In her introduction, Mai Neng Moua posited that most of the writers included in the anthology had a number of things in common. They were emerging. They were young. They wrote in English. They were from the Midwest. There were a few exceptions. I was honored to have one of my poems and a horror story included in the collection. And in the ten years that followed, I think we can see a fascinating journey that the other writers have taken since.
Like all anthologies, some of the writers never wrote much afterwards. Some went on to great acclaim. May Lee Yang, for example, has become a prominent Asian American playwright and executive director of one of the two Hmong arts organizations in the country, the Hmong Arts Connection.
Over the years, I’ve spoken a lot about the importance of including the arts in the refugee resettlement process. Not just for the Hmong, but for all communities. As Minnesota becomes home to the Karen refugees, Bhutanese, Nepalese, Tibetans, Liberians, Somalians, and so many others, the arts are not always considered the first thing the community needs compared to shelter, workforce education, family stabilization and so on. But I’ve seen firsthand that the arts are essential to include in those humanitarian efforts.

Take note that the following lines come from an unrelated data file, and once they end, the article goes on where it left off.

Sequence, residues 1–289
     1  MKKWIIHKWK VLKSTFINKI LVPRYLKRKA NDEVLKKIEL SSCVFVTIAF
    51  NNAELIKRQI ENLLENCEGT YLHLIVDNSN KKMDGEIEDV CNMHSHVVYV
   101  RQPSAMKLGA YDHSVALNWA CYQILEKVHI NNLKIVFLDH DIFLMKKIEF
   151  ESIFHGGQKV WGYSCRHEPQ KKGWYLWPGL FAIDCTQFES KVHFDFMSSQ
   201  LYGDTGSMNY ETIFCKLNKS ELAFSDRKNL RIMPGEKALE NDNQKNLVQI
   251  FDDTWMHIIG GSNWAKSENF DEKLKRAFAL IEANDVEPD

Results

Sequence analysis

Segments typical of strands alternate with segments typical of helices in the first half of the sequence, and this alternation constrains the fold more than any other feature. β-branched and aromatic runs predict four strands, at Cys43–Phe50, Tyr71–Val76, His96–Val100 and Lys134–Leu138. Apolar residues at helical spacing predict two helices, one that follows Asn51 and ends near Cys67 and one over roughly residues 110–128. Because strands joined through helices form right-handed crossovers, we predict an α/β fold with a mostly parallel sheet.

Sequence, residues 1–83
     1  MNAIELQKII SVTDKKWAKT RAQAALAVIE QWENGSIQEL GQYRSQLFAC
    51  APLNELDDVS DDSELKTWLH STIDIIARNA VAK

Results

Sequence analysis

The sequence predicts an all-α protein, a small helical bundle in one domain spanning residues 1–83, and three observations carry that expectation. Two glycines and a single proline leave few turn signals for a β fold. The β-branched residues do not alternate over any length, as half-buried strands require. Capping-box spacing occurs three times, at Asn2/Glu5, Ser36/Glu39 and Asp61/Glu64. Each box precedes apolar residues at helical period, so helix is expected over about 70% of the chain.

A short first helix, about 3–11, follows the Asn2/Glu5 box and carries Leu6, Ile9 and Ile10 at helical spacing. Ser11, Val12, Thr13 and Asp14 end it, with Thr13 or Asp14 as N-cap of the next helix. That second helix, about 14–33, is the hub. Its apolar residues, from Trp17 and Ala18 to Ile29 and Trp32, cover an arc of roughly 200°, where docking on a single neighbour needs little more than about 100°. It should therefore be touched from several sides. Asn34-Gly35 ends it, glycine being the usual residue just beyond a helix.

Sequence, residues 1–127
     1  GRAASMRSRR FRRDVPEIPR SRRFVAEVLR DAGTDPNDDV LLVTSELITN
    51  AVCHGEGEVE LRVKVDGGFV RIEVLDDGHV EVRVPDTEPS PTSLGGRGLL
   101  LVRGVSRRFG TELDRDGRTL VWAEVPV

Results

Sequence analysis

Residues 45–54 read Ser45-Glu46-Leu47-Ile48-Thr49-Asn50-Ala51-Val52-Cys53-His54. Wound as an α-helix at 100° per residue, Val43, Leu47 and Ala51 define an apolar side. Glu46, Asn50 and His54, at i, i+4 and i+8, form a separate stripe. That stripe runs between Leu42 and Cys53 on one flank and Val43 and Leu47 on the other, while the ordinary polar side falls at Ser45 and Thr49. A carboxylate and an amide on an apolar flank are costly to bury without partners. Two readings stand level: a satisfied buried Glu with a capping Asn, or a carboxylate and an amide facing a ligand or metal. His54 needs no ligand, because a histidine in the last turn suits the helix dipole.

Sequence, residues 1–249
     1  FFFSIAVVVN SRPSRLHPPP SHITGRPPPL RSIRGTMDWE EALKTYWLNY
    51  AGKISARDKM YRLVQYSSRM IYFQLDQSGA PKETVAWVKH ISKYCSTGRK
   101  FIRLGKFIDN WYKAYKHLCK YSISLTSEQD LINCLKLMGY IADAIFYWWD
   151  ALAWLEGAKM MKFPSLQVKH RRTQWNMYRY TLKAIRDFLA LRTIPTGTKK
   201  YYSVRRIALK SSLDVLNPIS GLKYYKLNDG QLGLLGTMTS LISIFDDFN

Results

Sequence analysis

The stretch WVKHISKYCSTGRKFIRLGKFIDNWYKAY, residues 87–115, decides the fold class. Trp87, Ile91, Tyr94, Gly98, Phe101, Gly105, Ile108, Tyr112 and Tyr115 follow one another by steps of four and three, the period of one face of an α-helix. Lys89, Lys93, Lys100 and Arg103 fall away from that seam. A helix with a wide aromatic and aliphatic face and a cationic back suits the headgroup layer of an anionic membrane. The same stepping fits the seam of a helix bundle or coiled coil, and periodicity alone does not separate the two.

The arts are an effective bridge for communities who are just starting to learn English to find ways to tell their stories and experiences. Back in October, 2010, I and many others organized the Legacies of War: Refugee Nation Twin Cities exhibit at Intermedia Arts. One of the pivotal pieces were a set of drawings from the 1960s created by illiterate Laotian villagers who had become refugees. The images depicted what was discovered to be a secret war, a bombing campaign that would leave over 1/3rd of Laos covered in cluster bombs. When they were shown to others, it prompted an investigation that led all of the way back to Washington D.C. and brought an end to the bombing in 1973. Nearly three decades later, those same pictures would be discovered again, almost thrown out, but instead inspired a new generation of Lao activists and their friends to rally together. Their efforts helped to encourage the eventual passage of the 2010 UN Convention on Cluster Munitions that banned the manufacture, sale, transfer and stockpiling of cluster bombs. To me that’s an amazing journey, an amazing legacy of international policy that began with a handful of amateur drawings.